455 | To Thomas Pownall

    Boston March 17, 1766

    Dear Sr

    I am favoured with yours1 concerning the wild Hemp or Flax I sent you and must observe in confirmation of Mr Shakespears opinion, that some persons to whom I show’d it here, Thought it had the appearance of Flax2. However that will be determined next summer by the Plants.

    I cannot think that there is any probability that this comes from European seed; as there never was any European settlement up the River Penobscot; except that of a Missioner may be called one, whose Chappel remains at Madawankeag3 120 miles above Fort Pownal. much less is the probability that the Indians have been employed by Inhabitants to impose on Us. It could answer no purpose; & the Indians are not used to take Pains for nothing. But it is proper that these things should be e[n]quired into: and for that purpose I have wrote to Captain Goldthwait of Fort Pownal a very careful man, to make diligent enquiry where this Hemp grows and to send one of his Officers to the spot to see it growing.4 I also directed him to procure all he can get the ensuing Year and also as much of the seed as possible, and some of the plants entire, & not to spare a little expence on the Occasion.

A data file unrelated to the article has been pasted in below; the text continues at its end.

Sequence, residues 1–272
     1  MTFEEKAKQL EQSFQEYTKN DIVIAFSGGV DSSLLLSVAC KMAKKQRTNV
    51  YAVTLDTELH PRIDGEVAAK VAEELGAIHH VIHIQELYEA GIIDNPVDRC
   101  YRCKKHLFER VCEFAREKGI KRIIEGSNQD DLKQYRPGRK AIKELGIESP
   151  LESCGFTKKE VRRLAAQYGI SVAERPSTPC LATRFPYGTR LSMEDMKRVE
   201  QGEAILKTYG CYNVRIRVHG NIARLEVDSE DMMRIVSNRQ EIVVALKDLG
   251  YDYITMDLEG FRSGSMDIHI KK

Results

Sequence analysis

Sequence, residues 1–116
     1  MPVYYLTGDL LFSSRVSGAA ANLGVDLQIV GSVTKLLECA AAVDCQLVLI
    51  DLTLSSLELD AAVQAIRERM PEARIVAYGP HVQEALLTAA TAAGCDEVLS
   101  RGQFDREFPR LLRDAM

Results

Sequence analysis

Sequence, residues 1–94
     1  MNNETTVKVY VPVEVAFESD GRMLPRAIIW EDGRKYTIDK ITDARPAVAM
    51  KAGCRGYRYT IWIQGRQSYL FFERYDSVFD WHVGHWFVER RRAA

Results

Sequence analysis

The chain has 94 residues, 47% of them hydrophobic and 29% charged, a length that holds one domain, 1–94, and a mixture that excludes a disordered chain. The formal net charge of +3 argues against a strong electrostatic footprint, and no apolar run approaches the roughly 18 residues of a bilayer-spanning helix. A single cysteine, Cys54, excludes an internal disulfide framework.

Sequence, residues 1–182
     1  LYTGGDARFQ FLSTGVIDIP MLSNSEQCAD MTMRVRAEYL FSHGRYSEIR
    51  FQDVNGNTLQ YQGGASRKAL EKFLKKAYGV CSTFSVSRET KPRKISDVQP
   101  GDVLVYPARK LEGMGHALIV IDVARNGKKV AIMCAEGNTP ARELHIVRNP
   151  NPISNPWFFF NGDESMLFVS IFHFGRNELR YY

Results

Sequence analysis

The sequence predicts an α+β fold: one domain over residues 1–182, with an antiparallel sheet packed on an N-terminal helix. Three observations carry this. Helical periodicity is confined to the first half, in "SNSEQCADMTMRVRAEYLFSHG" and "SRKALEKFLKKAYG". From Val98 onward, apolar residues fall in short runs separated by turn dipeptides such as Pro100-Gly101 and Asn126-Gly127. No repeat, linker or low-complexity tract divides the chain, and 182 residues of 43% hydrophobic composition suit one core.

I shall send you a sample of the seed with some of the plants, & the greatest part of the Hemp. All the rest of the seed I will have carefully sowed to the Best advantage: So that we shall know what improvements it is capable of. This is Worth enquiring into; as some of the Best articles of Trade and Manufactures have arose from discovery of wild plants; as indeed all improvements of Vegetables arise originally from the melioration of wild Plants.

    I am &c

    Thos Pownal Esqr

    BP, 5: 95-96.